MAVIS BECKLES – I fuh hanging
Duh got a lot o’ people in this Barbados who playing dem is do-gooders. I talking ’bout the ones who playing dat dem got tuh represent the so-called man at the bottom, the small man, the so-called unfortunate, the underprivileged.
Ya does hear or read ’bout dem so in the court cases in the newspapers. Some o’ these big wigs in representing these delinquents does playing dem talking ’bout how the body ain’t had the benefit of some people who had a perfect childhood, or how he ain’t had the privilege of a father figure in or around the house when dem was growing up.
As a matter o’ fact, duh might have only seen the father once or twice as a child; dat he was raised by a gran’mother or aunts and dat the reason why he turned out tuh be a delinquent is as a result o’ all o’ these things so.
Well I got something tuh tell all o’ wunna lawmakers and do-gooders who does be sitting down in wunna swivel leather office chairs behind a big wufless mahogany desk or in a expensive lounge chair pon wunna upstairs balconies looking ovah wunna well manicured lawns in a nice soft robe or driving out o’ one o’ the heights and terraces in a sleek expensive air-conditioned car wid tinted window. Dat is a whole lot o’ crap, bare dog, a whole lot o’ foolishness.
All wunna doing is telling these people who doan intend tuh live like decent law-abiding citizens dat dem could do as they very well like and get way wid it; this lot o’ junk so gotta stop.
No gold spoon
I cahn tell you of anybody who went tuh school or Sunday school wid me who was born wid a gold spoon in duh mout’. Furthermore, all o’ we was p-poor and, as a matter o’ fact, some more poor than some.
Some o’ we had good fathers like mine who used tuh come home every day and night, who used tuh spend time wid all o’ we and would give he last cent.
Then duh had some fathers that used tuh be out up under the street light gambling, playing cards or slamming a dom wid the boys and by the time duh get home, half duh week’s pay gone; then some fathers used tuh come in when the Friday night come and because duh didn’t have enough money fuh the house after drinking um out, used tuh tek it out in bare blows pon the poor woman and children, who most o’ the time used tuh be there hungry as France and waiting fuh the few dollars tuh go in the corner shop.
I also grow up wid some children in my vicinity who tuh this day never see duh father and a whole family of five, including three girls, get raised wid duh gran’mother because the mother left and went long tuh England and never look back at dem children; further than dat, the woman get married up there and start a whole new family up there.
Dem children struggle and come along and most days whatevah we had in our li’l four-room house used tuh share wid dem. All o’ we children grow up now and move away from Lightfoot Lane and leading different lifestyles, and tuh this day I have never seen dat woman back pon this rock.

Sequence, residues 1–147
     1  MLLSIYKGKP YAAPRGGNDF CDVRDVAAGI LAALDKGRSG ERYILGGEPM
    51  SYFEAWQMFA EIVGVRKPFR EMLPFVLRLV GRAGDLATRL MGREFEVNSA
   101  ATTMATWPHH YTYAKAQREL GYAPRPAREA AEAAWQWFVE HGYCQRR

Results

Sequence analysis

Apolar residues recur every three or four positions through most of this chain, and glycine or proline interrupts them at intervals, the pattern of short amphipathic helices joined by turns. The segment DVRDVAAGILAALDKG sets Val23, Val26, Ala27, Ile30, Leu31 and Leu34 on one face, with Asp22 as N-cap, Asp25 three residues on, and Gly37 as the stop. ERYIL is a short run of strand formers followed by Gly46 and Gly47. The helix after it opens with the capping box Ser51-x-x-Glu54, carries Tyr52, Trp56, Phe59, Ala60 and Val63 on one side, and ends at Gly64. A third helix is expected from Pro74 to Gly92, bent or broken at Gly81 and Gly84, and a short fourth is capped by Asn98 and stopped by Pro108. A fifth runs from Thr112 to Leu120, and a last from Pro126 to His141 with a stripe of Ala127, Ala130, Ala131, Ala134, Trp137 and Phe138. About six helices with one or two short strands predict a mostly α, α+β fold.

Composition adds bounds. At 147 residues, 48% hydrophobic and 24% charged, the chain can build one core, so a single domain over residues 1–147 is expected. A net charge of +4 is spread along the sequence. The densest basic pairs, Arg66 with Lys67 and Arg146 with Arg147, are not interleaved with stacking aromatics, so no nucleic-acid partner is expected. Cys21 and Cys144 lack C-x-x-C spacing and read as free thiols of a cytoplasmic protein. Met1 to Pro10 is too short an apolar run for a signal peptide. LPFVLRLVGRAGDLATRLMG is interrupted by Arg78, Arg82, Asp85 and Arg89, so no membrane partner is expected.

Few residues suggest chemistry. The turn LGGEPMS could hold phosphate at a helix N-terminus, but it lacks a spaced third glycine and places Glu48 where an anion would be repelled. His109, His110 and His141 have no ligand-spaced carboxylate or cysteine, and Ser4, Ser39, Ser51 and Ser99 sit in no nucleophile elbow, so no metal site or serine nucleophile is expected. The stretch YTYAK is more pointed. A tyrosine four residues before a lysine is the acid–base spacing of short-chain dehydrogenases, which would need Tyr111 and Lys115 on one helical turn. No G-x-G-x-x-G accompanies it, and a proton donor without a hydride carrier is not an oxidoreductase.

So you would know dat dem children grow up wid-out a mother or father . . . but not one o’ dem ain’t turn out tuh be nuh kinda criminal up tuh today.
And look, wunna got tuh stop all o’ this ignernts. It does really get me vex about a lot o’ these young people, especially young boys who mek up in dem minds dat dem ain’t driving a stroke fuh a boy.
Some come from home wid mothers, some o’ dem wid both mother and father, some o’ dem wid a whole big family ’round dem, but dem decide from early dat dem ain’t intend tuh do nuh kinda wuk fuh a boy, so dem gine rob and kill fuh it – dem ain’t care who get hurt.
I read Richard Hoad article the other day and I had tuh read it over a second time and aloud because I couldn’t have put it better. The man sarcasm was biting, stinging, down right brutal and in ya face.
All o’ wunna who fuh whatevah reason playing wunna getting up in the people papers and talking ’bout not hanging nuhbody because, as one body say, duh could be innocent, want spen’ning a week wid the police.
Wunna want putting pon duty both day and night, going out in the patrol cars and boldly going down in all the danger zones. All o’ wunna need tuh see dat all hours o’ the night instead o’ being in dem bed reading a book, the newspaper, playing music or something, a lot o’ people, especially young men, does be out pon the streets in all kinds o’ holes, getting involved in all kinds o’ lawlessness dat gine eventually land dem before the courts and then in prison.
So, yes! You got my vote. I, like Lickmout’ Lou and the majority o’ Bajans, say bring back hanging, give the criminal-minded man something tuh look forward tuh.
Mavis Beckles was born and raised in The Orleans. She has an opinion on everything.